The other day, Jim & I were hanging out at our friends’ house, just chatting for hours. I enjoy that. It’s so much better than going to a bar to hang out. I’d rather be at someone’s house, where the environment is controlled and comfortable.
However, they had music playing in the background, so I had to put extra effort into hearing what anyone said. The music was the same volume level as our voices.
I ignored it at first, but like so many things that annoy me, it grew larger and larger in my brain until I couldn’t ignore it. Since we’ve known these friends for years, I didn’t feel that weird about asking them to turn it down. Actually, I got up and found the remote and did it myself. No big deal.
A similar situation that irks me: In the car, when the driver has the music turned up loud then proceeds to try to have a conversation! It drives me nuts. (Punny!)
What is the point of turning music up so loud that I have to raise my voice to be heard, then struggle to hear other people talking? Why not just turn the music down? Isn’t it more important to hear our conversation than have background music?
This is a pet peeve of mine, and when it crossed my mind today, I felt quite confident that some of you reading this may share it! Well? Anyone??
photo credit: Thomas Hawk via photopin cc
In my case it’s not always so much not hearing the conversation but getting very tired from the collective sound that is the worst part of this. One friend always has classical radio turned on low and it steals a some of my concentration and after a while I sometimes find myself speaking gibberish but it’s so much worse at another friend’s flat as they always put on pretty loud singer/songwriter/pop music when they have guests and I don’t see the point of it. After an hour I start taking refuge in the bathroom every now and then and I am always completely foggy when I leave their home. Having the music on in the background seems so important to them that I have not dared to ask if we could turn it down or skip the music altogheter.
Yes–it steals some of our concentration. That is a great way to put it!
You bring up a good point, Kelly; this situation always seems confrontational. People feel so personal about their tunes. I’m all for ambience in a social setting but the car is a tough one due to surrounding hostile noise. I mostly don’t like music roaring from another car!
Yes, agree that someone else’s music too loud can drive me nuts! Especially, when trying to have a conversation. My elderly In-Laws, listen to blasting news reports. This goes on all day. I have stopped going to visit them for any length of time. It’s just too depressing to hear all that negativity. What really, really drives me nuts is people debating things on TV really LOUD… These are usually things like “Who’s going to win the Super Bowl?” but BTW, it’s only August!! The show’s usually consist of 4 men yelling about something that they REAL have no way of knowing. Sportscasters seem to love to yell! I love the quite guys, like Al Michaels, who does his job, without yelling! My husband is a big sports fan, so I am subject to listening to this a lot. When I am in the kitchen cooking it really rattles me. I have started wearing my headphones and listening to music or a book or podcast, to stay in my own little bubble. It is working well for me. I would recommend other HSP to have their IPods loaded up with good vibes to tune out the negative and loud noises when they are feeling trapped.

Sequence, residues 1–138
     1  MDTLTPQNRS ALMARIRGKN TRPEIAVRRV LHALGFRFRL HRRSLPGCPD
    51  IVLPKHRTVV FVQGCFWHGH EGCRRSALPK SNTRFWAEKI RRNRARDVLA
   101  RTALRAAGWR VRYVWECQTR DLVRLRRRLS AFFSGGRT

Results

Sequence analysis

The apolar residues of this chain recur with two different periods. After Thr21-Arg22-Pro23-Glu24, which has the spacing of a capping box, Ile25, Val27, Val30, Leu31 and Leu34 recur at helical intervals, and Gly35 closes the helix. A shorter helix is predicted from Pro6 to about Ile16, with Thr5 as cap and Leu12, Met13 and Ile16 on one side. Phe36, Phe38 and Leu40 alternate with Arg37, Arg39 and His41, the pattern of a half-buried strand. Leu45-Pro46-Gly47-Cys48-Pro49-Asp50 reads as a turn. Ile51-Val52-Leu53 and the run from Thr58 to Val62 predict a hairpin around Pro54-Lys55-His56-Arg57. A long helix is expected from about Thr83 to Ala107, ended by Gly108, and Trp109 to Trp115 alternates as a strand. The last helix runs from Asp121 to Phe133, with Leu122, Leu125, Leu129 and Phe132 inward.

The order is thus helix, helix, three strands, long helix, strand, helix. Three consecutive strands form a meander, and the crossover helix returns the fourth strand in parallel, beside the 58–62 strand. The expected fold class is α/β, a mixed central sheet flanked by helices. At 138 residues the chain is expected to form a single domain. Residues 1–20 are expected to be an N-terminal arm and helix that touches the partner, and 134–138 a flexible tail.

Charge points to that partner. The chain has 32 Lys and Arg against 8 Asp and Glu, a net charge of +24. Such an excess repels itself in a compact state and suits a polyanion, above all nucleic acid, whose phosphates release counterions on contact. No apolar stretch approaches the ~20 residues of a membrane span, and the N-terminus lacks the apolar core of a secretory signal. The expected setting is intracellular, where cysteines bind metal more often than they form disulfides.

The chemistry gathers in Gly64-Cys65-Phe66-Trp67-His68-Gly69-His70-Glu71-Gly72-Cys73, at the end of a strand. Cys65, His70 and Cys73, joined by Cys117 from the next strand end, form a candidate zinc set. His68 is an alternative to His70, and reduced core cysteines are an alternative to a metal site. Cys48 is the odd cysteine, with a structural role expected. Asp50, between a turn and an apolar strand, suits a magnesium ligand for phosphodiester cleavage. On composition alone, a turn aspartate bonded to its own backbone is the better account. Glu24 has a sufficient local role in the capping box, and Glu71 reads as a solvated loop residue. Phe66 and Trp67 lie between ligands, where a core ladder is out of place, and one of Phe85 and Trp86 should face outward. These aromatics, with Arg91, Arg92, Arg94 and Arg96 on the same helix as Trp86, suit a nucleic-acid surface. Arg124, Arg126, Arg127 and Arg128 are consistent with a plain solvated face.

Agree 100 per cent. Especially bad are the fitness classes I think. Students have earache, the tutor is loosing her voice but she won’t turn the volume down. Even when doing relaxing yoga next door I could hear that horrible music! And yes, I get extremely annoyed when forced to listen to somebody else’s music. Thanks for the post!
Getting into ones own little bubble as Joni put it is perfect for describing what I need to do when things get to loud. Recently I’ve been using ear plugs just to muffle the sounds some what at night. My difficulty doesn’t stem from music playing but from my 2 rambunctious boys that get really loud in the evening time which is the time I get real sensitive to sound. The ear plugs help me strike a balance and also help me from overreacting to the little things because I’m a raw nerve do to the sound. What is funny though with re: the whole background noise thing is that I do find that if I have the wrong sort of background noise on it can totally disrupt my and my highly sensitive boys equilibrium causing our anxiety to rise and for us to lose focus. It has been a science understanding which background noise works and then applying the appropriate volume.
I wish headphones or earplugs worked for me. Loud noise is the hardest thing I have to deal with as an HSP. I have expensive noise-cancelling headphones, but they are really only good for reducing (not eliminating) the constant low-pitched roar of an airplane; they don’t block out conversations or sudden noises. Playing my own music on them just makes it worse — I hear both the ambient noise and the music, and the clash exhausts me. If I turned it up loud enough to block the ambient noise, it would be so loud as to be physically painful (and probably damaging to my hearing).
I had to get custom-made earplugs because my ears are too small to wear the kind you can buy at the drugstore. They fit beautifully, but they don’t block out all noise. I wear them in the subway to protect my hearing, but I can still hear all the noises around me. If a noise is distracting me or interfering with my sleep, putting in the earplugs doesn’t help because I can still hear it, even though it’s quieter — and the earplugs make me feel stuffed up and uncomfortable.